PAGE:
New Jersey City votes to suspend gas station licenses linked to Russian Lukoil

March 3 (Reuters) – Reflecting growing animosity across the United States toward Russia after its invasion of Ukraine, lawmakers in New Jersey’s largest city voted to suspend licenses of gas stations bearing the name of a major oil company based in Moscow.

The Newark City Council on Wednesday passed an 8-0 resolution urging the city to suspend all licenses of two local Lukoil gas stations (LKOH.MM) to show support for Ukraine.

“It’s a step from the city side to do what the rest of the world is doing to put some pressure on Russia to stop this horrible invasion,” said council member Anibal Ramos, who represents a part of Newark where many Ukrainian Americans live. .

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Ramos said the city’s business administrator will make the final decision on the resolution.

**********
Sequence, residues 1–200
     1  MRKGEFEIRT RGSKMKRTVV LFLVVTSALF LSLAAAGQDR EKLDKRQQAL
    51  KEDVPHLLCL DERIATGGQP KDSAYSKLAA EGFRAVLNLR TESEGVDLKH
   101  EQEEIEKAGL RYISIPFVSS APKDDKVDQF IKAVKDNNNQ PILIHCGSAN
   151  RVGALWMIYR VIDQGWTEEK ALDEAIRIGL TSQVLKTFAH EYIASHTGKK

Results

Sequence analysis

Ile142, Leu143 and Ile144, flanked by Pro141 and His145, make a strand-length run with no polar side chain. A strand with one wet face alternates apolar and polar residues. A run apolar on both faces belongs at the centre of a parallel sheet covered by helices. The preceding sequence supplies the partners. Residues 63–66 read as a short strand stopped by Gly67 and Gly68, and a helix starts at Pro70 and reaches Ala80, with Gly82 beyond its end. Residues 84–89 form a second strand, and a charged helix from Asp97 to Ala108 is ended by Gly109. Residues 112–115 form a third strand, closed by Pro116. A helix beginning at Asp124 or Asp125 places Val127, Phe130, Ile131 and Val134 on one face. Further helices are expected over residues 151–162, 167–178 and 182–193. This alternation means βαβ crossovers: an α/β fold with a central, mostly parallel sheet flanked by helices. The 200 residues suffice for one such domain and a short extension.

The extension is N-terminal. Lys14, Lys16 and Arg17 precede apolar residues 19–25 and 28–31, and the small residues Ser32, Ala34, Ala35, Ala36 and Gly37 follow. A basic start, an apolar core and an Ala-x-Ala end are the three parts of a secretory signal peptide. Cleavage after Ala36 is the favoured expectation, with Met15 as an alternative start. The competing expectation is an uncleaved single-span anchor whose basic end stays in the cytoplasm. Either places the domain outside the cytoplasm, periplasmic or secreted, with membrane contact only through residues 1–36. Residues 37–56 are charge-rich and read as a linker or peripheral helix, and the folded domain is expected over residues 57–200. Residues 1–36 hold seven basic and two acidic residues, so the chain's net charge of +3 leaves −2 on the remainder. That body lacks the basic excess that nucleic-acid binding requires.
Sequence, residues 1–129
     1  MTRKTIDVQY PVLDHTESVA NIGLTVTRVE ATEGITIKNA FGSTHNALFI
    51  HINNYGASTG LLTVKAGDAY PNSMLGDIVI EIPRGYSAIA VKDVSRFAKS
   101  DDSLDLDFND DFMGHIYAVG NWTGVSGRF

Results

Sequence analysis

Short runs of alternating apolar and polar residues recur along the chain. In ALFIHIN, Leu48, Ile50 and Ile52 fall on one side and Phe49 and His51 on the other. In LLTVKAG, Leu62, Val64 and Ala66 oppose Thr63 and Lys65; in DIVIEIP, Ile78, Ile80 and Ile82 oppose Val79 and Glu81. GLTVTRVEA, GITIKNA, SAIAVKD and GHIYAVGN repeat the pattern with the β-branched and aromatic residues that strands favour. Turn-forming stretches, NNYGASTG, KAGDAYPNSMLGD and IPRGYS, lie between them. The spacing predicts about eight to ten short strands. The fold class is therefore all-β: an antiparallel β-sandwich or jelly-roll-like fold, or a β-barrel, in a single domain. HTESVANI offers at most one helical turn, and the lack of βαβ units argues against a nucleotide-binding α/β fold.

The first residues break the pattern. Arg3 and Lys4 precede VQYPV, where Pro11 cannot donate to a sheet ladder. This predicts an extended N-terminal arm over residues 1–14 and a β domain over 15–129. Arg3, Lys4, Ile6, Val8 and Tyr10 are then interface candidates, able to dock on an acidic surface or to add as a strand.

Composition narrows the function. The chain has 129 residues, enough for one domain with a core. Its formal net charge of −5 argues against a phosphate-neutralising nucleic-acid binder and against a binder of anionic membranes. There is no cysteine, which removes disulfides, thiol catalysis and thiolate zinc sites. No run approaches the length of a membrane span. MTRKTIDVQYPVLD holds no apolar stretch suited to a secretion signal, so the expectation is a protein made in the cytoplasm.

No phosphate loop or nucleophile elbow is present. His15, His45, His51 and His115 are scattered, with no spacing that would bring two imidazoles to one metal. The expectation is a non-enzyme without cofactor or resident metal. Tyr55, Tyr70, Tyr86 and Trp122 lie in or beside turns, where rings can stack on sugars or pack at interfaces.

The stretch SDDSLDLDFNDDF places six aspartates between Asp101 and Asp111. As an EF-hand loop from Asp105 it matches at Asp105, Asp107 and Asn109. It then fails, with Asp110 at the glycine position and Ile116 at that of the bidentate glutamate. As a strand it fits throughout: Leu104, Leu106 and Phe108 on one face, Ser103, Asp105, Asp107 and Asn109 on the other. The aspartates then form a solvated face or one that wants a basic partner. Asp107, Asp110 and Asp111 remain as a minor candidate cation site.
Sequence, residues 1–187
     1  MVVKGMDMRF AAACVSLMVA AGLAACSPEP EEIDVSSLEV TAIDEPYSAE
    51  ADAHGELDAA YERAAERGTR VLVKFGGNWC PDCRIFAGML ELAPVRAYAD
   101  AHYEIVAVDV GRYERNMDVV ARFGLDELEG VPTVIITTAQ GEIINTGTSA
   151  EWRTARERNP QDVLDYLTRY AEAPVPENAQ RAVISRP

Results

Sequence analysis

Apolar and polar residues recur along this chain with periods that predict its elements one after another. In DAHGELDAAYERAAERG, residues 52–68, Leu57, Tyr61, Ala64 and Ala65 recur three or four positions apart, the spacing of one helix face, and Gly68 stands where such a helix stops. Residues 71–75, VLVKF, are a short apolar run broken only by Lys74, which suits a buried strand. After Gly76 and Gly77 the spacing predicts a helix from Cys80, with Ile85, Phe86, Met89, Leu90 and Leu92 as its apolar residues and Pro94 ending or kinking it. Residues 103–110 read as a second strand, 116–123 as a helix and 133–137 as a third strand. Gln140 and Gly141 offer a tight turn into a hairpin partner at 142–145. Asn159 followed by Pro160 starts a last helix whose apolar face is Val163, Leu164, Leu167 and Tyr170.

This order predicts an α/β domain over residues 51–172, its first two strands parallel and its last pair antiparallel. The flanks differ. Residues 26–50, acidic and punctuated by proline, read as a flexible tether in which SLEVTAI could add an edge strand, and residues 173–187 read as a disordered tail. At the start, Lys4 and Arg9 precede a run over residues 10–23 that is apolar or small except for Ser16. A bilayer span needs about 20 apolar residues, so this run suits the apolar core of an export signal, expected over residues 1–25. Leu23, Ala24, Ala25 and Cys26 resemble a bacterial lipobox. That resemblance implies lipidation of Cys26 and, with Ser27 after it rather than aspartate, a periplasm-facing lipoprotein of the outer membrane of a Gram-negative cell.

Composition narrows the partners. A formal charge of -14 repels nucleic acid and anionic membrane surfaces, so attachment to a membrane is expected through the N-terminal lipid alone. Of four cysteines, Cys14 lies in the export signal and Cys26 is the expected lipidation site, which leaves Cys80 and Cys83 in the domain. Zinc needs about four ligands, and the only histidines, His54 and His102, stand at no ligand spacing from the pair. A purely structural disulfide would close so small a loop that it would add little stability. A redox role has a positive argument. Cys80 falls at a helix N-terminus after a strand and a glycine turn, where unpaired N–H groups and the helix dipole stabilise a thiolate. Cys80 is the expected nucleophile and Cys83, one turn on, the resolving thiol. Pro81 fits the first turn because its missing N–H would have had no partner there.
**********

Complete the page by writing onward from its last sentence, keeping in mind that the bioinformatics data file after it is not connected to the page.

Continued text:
The measure comes as a flood of Western companies cut ties with Russian entities while Washington imposes various sanctions against Russia.

It is unclear how the resolution may affect Moscow-based Lukoil, among the world’s largest oil producers. There are 230 American franchises of Lukoil North America, a subsidiary of the company. Stations in New York, New Jersey and Pennsylvania are owned by franchisees.

Newark franchisee Roger Verma said Wednesday he supports Ukraine, but a suspension would cripple his business, which employs 16 people.

“I’m baffled and confused how much the closure of a US-based small business owner sends a message of support,” Verma said.

#BoycottLukoil was used on Twitter to urge Americans to stop frequenting gas stations.

“We’re not going to help fund the war machine,” said retired information technology specialist Jeffrey Andrew of Maplewood, New Jersey, after protesting outside a Lukoil station in Union, New Jersey.

Company officials were not available for comment. Russia’s Lukoil board called for an end to the war on Thursday, media reported.

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Reporting by Brendan O’Brien in Chicago and Barbara Goldberg in Maplewood, New Jersey; edited by Jonathan Oatis

Our standards: The Thomson Reuters Trust Principles.

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